How Your Garden Grows & Why We Should Consider Vertical Farming
Growing your own produce is a sustainable and healthy way to eat more nutritiously. If you live in a city, this can be a bit of a challenge, but fortunately, there are a wide variety of options that will allow you to become a small-scale “urban farmer.” Benefits of Home-Grown Produce Growing your own vegetables, herbs, and fruits allows you to consume straight-from-the-vine foods that are fresh and free from pesticides and chemical products designed to increase shelf life. Having produce more readily available will encourage you to consume more of it. “Extra” produce can be sold, shared, donated, canned, frozen, or made into new ingredients - think pasta sauce or salsa. If you have kids, the act of creating a home garden can be both nutritious and educational. Traditional and Semi-Traditional Gardening Traditional gardening involves panning seeds or seedlings directly in the ground; semi-traditional can include container gardening, using soil, but in stand-alone containers. If you have space, you can till and fertilize soil, lay down a weed barrier, and plant seeds or seedlings directly in the ground and harvest when ready. Vertical gardening allows you to plant up-and-out instead of down. You might have a trellis-like structure with different growing compartments that allow plants to grow in stacks rather than rows. Container or raised garden beds mimic traditional gardens, but you plant in containers, ranging from large baskets to platforms. City Gardening Approaches If you’re limited in your garden space, you’ll need a little creativity and ingenuity. Hydroponic gardening allows you to grow plants without soil - typically, growers use seed pods submerged in water under a specialized light. Agroponic gardening allows you to plant in alternative “soil,” like clay pellets or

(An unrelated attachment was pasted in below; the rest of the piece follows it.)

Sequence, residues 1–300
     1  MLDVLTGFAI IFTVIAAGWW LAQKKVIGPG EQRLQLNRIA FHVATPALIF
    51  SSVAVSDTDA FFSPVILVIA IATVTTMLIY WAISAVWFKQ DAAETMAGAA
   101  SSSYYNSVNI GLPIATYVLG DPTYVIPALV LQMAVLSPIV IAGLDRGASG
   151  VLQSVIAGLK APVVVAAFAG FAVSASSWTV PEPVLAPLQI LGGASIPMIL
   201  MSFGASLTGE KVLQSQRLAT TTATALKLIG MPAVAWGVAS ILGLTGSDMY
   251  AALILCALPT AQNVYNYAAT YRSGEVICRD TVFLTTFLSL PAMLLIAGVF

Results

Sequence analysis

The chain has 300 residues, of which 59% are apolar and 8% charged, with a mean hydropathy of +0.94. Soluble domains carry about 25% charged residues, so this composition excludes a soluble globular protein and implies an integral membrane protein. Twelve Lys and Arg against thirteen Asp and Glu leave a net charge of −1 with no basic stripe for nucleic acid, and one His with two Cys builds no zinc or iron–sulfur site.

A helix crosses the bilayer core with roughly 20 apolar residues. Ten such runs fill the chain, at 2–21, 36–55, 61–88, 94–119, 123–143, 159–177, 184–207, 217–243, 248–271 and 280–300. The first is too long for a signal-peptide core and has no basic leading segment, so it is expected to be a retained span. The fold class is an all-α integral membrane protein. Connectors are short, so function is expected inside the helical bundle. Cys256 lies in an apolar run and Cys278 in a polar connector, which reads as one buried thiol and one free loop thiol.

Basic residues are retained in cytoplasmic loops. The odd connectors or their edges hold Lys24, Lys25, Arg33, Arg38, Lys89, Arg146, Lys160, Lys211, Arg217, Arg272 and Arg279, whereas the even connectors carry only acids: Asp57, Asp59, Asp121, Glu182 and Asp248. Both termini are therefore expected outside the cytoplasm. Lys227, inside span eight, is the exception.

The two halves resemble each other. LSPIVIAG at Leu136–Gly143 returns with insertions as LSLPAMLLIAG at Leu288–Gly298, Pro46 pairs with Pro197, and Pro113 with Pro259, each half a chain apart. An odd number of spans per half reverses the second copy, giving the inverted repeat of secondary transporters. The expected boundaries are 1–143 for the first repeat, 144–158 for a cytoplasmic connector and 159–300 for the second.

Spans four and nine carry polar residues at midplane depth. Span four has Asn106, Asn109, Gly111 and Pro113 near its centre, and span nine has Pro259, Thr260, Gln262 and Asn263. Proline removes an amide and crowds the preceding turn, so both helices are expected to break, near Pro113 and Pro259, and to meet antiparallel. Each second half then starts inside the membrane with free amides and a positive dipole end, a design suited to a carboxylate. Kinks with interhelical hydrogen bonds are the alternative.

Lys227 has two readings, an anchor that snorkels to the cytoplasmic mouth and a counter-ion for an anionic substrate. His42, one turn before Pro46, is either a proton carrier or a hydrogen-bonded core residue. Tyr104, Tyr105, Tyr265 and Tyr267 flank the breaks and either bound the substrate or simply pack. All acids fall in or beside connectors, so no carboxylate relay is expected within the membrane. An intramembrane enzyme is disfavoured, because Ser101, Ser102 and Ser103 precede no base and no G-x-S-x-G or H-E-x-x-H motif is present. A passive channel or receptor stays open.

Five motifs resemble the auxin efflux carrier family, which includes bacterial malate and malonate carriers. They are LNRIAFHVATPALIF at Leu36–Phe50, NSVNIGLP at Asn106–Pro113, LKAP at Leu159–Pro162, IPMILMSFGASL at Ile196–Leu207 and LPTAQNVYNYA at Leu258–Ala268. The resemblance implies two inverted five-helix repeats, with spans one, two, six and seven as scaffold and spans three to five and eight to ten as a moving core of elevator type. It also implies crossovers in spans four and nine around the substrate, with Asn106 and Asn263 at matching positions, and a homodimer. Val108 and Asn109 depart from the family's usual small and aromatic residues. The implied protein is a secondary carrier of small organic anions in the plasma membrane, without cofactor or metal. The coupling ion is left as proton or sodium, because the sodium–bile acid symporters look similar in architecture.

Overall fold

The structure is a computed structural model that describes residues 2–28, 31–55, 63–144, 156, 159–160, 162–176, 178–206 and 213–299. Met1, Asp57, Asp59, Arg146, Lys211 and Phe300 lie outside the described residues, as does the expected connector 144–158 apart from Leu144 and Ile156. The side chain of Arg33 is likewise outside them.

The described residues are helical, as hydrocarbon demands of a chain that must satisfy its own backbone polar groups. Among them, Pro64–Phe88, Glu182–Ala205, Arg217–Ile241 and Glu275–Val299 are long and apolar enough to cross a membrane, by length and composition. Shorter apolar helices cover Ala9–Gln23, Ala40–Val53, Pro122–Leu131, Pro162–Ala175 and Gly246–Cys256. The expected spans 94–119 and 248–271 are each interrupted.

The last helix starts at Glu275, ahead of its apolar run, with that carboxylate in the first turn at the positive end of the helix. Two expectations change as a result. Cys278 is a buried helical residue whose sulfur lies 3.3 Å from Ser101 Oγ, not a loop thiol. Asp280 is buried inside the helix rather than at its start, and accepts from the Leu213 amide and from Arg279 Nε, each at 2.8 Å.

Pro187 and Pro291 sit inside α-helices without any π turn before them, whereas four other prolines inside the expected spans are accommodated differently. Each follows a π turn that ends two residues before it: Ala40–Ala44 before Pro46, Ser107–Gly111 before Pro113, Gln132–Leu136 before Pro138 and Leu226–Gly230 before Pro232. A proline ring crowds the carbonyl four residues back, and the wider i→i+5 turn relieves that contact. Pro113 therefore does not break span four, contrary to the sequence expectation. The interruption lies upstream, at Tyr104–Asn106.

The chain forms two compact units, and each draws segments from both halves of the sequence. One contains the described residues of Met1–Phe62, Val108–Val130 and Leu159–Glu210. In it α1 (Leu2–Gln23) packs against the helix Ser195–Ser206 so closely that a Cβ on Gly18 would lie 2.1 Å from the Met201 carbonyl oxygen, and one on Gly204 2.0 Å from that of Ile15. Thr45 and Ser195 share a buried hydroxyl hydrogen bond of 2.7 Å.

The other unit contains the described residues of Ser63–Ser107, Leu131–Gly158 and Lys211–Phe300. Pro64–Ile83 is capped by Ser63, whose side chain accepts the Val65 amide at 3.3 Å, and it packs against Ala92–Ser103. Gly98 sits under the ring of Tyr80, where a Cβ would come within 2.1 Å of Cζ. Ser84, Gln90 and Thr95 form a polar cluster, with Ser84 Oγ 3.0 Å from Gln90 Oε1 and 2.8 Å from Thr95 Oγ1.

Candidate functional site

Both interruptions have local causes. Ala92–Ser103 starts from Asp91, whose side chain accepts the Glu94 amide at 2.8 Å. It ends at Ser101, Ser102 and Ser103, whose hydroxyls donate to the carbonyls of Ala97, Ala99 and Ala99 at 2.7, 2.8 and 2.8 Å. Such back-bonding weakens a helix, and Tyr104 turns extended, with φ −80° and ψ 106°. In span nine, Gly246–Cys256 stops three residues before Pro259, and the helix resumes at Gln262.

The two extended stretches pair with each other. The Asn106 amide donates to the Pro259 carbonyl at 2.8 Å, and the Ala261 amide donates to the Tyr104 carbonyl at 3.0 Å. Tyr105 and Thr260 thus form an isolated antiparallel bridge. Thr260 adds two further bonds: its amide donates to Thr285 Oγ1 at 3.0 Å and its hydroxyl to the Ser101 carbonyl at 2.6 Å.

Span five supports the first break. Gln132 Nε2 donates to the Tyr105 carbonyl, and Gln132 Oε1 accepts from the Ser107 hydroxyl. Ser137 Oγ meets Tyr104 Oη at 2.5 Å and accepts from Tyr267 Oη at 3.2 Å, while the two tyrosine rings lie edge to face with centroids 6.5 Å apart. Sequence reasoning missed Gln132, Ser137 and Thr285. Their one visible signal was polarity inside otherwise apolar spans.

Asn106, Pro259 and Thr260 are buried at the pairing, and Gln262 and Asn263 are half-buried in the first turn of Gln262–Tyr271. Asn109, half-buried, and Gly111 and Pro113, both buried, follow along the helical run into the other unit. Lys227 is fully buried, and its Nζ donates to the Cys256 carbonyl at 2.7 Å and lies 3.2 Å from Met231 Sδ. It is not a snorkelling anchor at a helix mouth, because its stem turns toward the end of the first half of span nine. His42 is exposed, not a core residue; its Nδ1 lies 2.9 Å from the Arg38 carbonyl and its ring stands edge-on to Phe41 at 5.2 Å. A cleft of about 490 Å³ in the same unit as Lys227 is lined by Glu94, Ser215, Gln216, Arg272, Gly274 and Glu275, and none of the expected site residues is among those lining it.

coconut husks. Aquaponic gardening mimics natural ecosystems by growing plants in water inhabited by - and fertilized by - live fish! Gardening Across The Seasons Planting, irrigation, lighting, and harvesting fundamentals will all vary from one season to another, and needs/viability will be based on your geographic region and planting type. All plants require irrigation, whether that comes from natural rain, hand-watering, drip lines, or a hydroponic system. You can grow indoors year-round with a grow light. You can grow outdoors year-round if you use a greenhouse in the winter months. Growing your own vegetables, fruits, and herbs is healthy and nutritious. An established self-sustaining garden can even add to your home’s appraised value.